What Is a Title Tag?
A title tag is a piece of HTML code that indicates the title of a webpage, which appears in search engine results, social media posts, and browser tabs.
Optimizing your title tags is one of the easiest ways to help improve your rankings on Google. They signal to Google what your page is about.
Title tags appear as links on the search engine results page (SERP), like this:
Generally, it’s best to keep title tags between 50 to 60 characters. This way, words won’t get cut off on desktop or mobile SERPs.
In this article, we’ll cover title tag examples, best practices, and common mistakes that may cause Google to rewrite your title tags.
Title Tag HTML Code Example
Here’s what HTML code for a title tag looks like:
<title>This is My Title</title>
The title tag appears in the <head> section of the page’s HTML code, like this:
However, most content management systems, like WordPress or Squarespace, will automatically set the title tag when you enter a title on a new page.
Title tags are a confirmed ranking factor. Google uses your title tag to get an idea of what’s on your page and how relevant your content is to the user’s search query.
Title tags also tell browsers how to display your page’s title in three key places: search results, browser tabs, and social media.
Title Tags Appear In Search Results
Good titles improve the user experience and encourage more clicks. Because of this, your page title (and meta description) should act as a headline and entice users to click on your result.
Title Tags Appear In Browser Tabs
Title tags tell a browser how to display the page title in tabs. This helps users navigate to the correct pages when they have multiple tabs open.
Here’s what those tabs look like:
Title Tags Appear On Social Media
Title tags determine how a link appears when shared on social media.
The title provides important context to the social media post. If the title tag is missing or inaccurate, the other elements of the post might not make sense.
See the page title at the bottom of the image below:
Learn more about title tags and other on-page SEO factors in our in-depth guide.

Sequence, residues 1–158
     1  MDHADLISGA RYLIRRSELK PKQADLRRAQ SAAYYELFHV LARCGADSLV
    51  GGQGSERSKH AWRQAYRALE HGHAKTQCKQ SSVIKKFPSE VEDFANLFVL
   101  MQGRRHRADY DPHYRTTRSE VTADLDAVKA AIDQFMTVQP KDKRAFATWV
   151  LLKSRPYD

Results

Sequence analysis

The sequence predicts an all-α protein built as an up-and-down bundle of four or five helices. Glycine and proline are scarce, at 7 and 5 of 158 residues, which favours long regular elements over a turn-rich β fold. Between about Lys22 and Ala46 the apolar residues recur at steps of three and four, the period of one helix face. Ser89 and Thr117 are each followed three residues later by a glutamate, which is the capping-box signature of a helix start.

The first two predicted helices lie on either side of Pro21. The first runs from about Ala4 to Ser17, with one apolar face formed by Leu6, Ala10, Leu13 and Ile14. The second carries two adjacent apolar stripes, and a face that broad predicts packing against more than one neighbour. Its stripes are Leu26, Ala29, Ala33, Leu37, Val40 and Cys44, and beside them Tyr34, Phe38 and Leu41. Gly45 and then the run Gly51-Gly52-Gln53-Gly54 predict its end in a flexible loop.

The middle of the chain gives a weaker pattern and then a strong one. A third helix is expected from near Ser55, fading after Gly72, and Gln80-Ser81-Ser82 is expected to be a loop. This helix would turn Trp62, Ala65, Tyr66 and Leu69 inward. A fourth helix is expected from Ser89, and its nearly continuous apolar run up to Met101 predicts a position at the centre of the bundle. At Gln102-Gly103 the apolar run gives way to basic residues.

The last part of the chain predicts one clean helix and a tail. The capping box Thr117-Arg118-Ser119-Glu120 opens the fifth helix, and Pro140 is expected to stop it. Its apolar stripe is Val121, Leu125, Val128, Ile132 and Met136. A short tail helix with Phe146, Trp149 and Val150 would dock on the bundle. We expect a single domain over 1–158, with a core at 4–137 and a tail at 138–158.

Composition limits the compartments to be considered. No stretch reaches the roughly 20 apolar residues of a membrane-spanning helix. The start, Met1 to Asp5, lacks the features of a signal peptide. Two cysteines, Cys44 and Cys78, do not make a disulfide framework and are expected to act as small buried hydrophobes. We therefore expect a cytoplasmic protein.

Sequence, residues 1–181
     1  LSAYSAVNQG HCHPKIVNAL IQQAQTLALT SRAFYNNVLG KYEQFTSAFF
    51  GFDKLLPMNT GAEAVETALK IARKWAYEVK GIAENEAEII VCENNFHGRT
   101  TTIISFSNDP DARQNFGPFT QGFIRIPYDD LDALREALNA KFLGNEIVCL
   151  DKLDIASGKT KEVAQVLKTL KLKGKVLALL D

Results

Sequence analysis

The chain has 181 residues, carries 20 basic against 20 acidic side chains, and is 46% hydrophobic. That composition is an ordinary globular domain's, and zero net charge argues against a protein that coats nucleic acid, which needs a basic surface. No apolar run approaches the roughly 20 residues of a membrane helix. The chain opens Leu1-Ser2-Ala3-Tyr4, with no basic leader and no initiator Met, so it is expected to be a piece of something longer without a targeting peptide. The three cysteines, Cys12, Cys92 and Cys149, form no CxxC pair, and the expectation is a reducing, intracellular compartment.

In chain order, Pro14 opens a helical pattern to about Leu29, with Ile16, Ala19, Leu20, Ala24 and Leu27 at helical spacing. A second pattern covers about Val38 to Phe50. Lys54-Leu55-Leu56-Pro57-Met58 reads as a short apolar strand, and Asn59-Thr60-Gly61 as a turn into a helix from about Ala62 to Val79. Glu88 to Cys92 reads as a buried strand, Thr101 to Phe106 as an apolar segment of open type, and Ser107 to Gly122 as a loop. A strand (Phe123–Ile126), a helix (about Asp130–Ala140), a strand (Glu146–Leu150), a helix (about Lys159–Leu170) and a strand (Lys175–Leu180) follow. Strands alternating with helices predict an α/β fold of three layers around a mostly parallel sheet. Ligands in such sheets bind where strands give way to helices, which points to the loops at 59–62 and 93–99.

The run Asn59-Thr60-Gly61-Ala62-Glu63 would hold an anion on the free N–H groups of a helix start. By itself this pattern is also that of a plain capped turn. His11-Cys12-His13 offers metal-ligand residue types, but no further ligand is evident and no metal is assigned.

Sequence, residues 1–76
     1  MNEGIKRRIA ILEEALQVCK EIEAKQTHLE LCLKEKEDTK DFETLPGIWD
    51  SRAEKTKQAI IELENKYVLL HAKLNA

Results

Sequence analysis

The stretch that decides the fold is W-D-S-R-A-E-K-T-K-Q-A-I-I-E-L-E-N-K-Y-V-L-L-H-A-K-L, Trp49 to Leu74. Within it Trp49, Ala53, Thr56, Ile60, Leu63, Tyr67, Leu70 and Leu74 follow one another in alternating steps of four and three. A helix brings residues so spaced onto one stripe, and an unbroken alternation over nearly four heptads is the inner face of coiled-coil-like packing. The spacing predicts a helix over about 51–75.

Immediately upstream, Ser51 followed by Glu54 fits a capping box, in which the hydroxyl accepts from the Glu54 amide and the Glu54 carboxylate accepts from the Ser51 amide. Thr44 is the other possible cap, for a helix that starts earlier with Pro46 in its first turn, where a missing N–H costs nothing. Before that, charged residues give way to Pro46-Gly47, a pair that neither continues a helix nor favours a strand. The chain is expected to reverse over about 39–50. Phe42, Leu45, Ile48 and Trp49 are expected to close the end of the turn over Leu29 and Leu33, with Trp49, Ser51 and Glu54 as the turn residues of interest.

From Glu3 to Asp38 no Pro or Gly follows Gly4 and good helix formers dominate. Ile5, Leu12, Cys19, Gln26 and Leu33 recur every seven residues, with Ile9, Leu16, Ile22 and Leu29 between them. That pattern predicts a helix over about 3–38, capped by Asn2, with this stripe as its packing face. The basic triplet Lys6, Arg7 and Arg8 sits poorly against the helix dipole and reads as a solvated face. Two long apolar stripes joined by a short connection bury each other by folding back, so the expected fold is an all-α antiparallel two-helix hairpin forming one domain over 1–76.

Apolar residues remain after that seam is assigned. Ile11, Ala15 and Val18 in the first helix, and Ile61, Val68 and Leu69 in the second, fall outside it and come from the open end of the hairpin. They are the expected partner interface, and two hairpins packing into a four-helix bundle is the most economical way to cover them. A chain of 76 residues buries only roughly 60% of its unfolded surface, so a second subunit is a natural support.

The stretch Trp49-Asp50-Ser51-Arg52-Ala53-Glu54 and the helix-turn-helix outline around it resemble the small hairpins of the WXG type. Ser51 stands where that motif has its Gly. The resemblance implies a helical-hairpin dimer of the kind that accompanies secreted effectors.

Besides being a ranking factor, your page’s title is the first impression users will have of your page when it appears in search results.
Here are a few best practices to follow when writing title tags:
1. Keep it Brief
While Google won’t penalize you for a long title, it may shorten or rewrite it. And its version of the title won’t always make sense.
For that reason, we recommend keeping titles around 60 characters.
In the example below, the title tag has too many characters. Google is displaying it as “How to Improve Your Google Rankings (Without Getting…”, which leaves searchers hanging:
Here are some shorter page title examples that don’t get cut off:
Because you have limited space, it’s important to decide whether to include your brand name or not. Leaving your brand name off could allow you to write a more detailed title.
To keep your titles brief:
- Avoid typing your title in all caps. Uppercase letters take up extra space and could cause your title to get cut off.
- Remove your brand name unless it’s necessary
- Use symbols to save space (i.e., “&” instead of “and”)
2. Write Unique Titles
Unique titles help search engines determine what a page is about and may influence users to click.
Imagine you ran an ecommerce website that had the same general title for every single page, like “Furniture Store and Home Decor:”
If a user specifically searched for coffee tables, the generic title may suggest that this page won’t match their search (even if it does). After all, “coffee tables” doesn’t appear anywhere in the title.
This particular page is about coffee tables. So including that keyword makes the page title more intuitive for the reader and the search engine. Like this:
3. Target One Primary Keyword
It’s best to include only one target keyword in a given page’s title tag.
Stuffing lots of keywords into a single page title can hurt that page’s rankings. And it can also confuse users, making them less likely to click through to your page.
For example, this page title crams in three different keywords: “weighted blankets,” “blankets,” and “affordable weighted blankets:”
A single page probably isn’t going to rank well for all three of those keywords (and Google’s algorithm is advanced enough to understand semantics and keyword variation anyway).